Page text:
Concurrently, Williams was one of the major proponents of the ‘bling era’, an ostentatious style period in street and hip-hop fashion that prioritised OTT expressions of material wealth. His peers Kanye West, Lupe Fiasco, and others crossed Jacob & Co chains, solid gold BlackBerrys and iced-out G-Shocks with Audemars Piguet Royal Oaks and Goyard trunks, sprinkled among Japanese streetwear in the ultimate high-low pairing. Williams also rolled around in a black Ferrari Enzo.

It’s important to note that luxury and street fashion, especially in the hip-hop field, had been crossing over since the days of Dapper Dan. However, the ‘look at me’ mentality of the 2000s granted new legitimacy and access to high-end goods for the nouveau riche. This proved a boon for Marc Jacobs, who served as Louis Vuitton’s creative director from 1997 to 2013, seizing opportunities to invigorate the fashion house to appeal to younger, cashed-up customers.

Collaborations with ‘outsiders’ like Japanese artist Takashi Murakami spawned new followers and street-ready pieces. Williams was tapped to help design the ‘Millionaires’ sunglasses in 2004, a product that still exists by name in LV’s offerings. As it happened almost 20 years later, this wouldn’t be his only brush with the brand, having also collaborated on some jewellery in 2008.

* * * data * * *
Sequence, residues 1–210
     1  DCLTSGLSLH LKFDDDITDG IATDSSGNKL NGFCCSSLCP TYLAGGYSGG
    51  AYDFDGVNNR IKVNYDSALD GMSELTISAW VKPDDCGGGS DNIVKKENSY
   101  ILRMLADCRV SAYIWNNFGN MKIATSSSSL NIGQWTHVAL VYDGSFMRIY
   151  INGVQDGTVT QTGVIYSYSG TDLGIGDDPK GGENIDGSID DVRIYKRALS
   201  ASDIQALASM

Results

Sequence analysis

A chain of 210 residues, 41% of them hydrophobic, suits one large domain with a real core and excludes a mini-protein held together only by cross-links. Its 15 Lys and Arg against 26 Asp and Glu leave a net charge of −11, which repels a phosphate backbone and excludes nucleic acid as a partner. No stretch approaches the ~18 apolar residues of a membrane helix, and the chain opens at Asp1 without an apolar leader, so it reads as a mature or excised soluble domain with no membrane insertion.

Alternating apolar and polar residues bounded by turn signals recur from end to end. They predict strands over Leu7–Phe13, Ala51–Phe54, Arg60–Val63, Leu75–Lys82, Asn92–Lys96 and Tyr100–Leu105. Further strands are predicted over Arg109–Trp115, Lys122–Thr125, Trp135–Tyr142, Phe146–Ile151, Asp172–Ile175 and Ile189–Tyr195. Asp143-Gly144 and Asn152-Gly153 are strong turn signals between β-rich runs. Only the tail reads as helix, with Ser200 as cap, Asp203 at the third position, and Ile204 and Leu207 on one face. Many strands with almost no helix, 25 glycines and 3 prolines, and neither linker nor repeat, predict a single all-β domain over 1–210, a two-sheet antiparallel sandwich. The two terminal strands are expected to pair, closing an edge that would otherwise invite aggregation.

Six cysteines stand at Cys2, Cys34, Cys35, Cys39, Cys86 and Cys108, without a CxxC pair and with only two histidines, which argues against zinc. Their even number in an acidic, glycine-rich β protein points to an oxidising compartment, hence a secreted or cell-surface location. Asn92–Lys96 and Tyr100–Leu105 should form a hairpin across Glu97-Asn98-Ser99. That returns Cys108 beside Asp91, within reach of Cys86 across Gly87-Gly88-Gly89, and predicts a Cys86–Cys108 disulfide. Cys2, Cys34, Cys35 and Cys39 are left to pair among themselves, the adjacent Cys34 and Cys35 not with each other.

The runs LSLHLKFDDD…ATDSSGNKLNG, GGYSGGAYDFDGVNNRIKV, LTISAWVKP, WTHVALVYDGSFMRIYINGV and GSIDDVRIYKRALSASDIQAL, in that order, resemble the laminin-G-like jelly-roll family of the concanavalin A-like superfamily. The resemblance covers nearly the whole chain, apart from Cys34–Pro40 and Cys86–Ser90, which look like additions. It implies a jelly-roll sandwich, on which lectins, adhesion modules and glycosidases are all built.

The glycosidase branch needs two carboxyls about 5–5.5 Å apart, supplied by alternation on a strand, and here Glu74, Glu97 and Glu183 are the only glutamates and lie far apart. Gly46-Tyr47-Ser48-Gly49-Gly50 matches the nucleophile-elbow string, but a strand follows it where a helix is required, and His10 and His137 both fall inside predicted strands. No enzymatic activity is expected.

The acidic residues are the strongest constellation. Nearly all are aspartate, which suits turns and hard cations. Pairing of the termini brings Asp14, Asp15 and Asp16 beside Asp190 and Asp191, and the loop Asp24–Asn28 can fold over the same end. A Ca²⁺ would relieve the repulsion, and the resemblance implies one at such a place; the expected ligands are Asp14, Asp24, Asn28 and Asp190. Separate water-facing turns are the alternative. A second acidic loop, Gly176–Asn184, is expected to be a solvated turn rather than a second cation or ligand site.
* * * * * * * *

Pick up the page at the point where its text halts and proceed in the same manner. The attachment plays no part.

Pharrell Timberland Chanel
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Pharrell Bee Line Timberland
Pharrell G-Star RAW
via G-Star RAW
Pharrell adidas Chanel Hu NMD


As the 2010s rolled around, Williams’ personal style adjusted to somewhat less gaudy but still distinctive looks – remember the moustache? His streetwear sensei Nigo left BAPE in 2011 to focus on HUMAN MADE, a considerably more mature label. Williams seemed to take a similar approach, not only appearing in the brand’s lookbooks but also wearing more traditional pieces. Black Timberland boots with red laces and handwritten Chanel logos became a red-carpet staple on-foot, leading to an official BBC x Timberland collection called Bee Line in 2012 that runs to this day. The ‘Red October’ look was all the rage circa 2014, and Williams delivered his own spin via the all-red Bee Line boot that year.